In what has felt like a reoccurring theme for the last six months, the stock market is again selling off. There have now been three drops of 5% or more in the S&P 500 in the last six months. All of these drops have occurred shortly after the S&P 500 approached or made new record highs. That is the most frustrating part: when it looks like the market might finally sustain a new advance, it doesn’t. The concern here is that the S&P 500 is now going on 20 months of no gains amid the Trade War between the US & China.
Even though the S&P 500 is still up 15% year-to-date, it is flat since January 2018. That’s not an arbitrary month either, It was in January 2018, that President Trump first launched his trade war on China, slapping tariffs on solar panels and washing machines. Prior to that point, the stock market had enjoyed a strong rally to new record highs. The S&P 500 closed January 26, 2018, at a then-record high of 2872. As of this writing, the S&P 500 is at 2881.
The evidence suggests the Trade War is the problem
We can never know for certain what is moving the market on a week-to-week basis. However, we can make educated guesses. The beginning of the trade war is the one major event that changed global economic dynamics in January 2018. We would argue that the Trade War has been the main driver of volatility over the last 20 months. For evidence, here is a chart of the VIX-index, the most common measurement of volatility in the market:
2017 was a very calm year for volatility, and the S&P 500 returned 21.80%. Notice from our chart above the VIX spiked beginning in January 2018. That coincides with the very beginning of the Trade War. Volatility and stock market returns are historically inversely correlated. When volatility rises, stocks fall, and when volatility declines, stocks rise. As such, stocks have had a hard time rising consistently over the last 20 months due to increased volatility. You can see the inverse correlation between volatility and the S&P 500 in the chart below:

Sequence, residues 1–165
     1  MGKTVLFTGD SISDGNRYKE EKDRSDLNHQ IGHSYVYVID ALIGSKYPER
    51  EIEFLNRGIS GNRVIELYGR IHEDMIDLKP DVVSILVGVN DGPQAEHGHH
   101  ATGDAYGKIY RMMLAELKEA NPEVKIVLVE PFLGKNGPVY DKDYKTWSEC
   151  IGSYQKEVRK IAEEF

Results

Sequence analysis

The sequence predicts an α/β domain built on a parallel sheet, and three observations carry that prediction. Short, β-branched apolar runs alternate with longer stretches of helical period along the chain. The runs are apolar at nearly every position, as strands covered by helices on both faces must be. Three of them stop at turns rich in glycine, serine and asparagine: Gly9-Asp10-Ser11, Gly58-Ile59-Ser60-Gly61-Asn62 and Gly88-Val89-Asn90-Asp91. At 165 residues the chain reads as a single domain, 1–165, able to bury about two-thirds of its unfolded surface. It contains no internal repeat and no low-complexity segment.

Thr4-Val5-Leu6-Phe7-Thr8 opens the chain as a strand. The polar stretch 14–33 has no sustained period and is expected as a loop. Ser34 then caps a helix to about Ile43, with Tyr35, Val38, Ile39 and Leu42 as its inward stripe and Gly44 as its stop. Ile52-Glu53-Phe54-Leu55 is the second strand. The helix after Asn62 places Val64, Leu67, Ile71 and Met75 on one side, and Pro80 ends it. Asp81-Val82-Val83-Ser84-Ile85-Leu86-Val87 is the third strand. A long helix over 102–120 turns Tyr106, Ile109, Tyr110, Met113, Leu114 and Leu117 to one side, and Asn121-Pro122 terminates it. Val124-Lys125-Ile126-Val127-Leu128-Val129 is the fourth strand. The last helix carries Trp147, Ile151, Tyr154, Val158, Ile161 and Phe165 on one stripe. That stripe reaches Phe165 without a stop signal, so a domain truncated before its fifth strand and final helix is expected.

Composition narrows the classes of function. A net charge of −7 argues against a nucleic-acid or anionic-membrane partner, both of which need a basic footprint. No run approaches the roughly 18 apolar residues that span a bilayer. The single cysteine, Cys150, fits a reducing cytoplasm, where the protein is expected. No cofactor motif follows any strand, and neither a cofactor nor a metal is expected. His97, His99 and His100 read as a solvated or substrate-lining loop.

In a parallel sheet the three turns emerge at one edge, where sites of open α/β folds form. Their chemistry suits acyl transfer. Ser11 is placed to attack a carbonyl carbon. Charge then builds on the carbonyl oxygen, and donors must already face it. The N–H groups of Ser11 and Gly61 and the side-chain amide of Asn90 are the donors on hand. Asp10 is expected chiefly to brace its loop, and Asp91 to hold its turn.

Until the Trade War ends, expect continued volatility
All of this is to say that volatility has increased ever since President Trump started his Trade War with China. This increased volatility has been bad news for stocks, as we would expect it to be. Therefore, we think the best chance for a decrease in volatility is for an end to the Trade War. Or at least an easing of tensions between the two nations. The problem is that we’re not sure that is likely.
Even if President Trump wants to get a deal done with China, the recent impeachment proceedings will likely distract him in the near-term. The President would get a big boost from a trade deal, but do you think democrats want to give him that just before the election? Furthermore, do you think the President will be focused on anything but defending himself against impeachment in the near-term? If his recent Twitter rants are any indication, the answer is no.
The impeachment drama isn’t helping
Therefore, the best chances of the Trade War ending, or at least easing, is for the impeachment process to unfold quickly. Even if the rhetoric surrounding impeachment is damaging politically, it is unlikely to have an effect on the market unless it gets dragged out. Of course, if the President were actually forced out, that would be a different story. But as of now, we believe Donald Trump will still be the incumbent President at this time next year.
In summary, the market was doing very well until January 2018. Since then, the S&P 500 is more or less flat. The most obvious catalyst to point to is the start of the Trade War between the US and China. This has resulted in volatility shocks over the last 20 months and has made it hard for stocks to go up consistently. Until the Trade War is resolved, or at least trends in a positive direction, the road for stocks will be bumpy.
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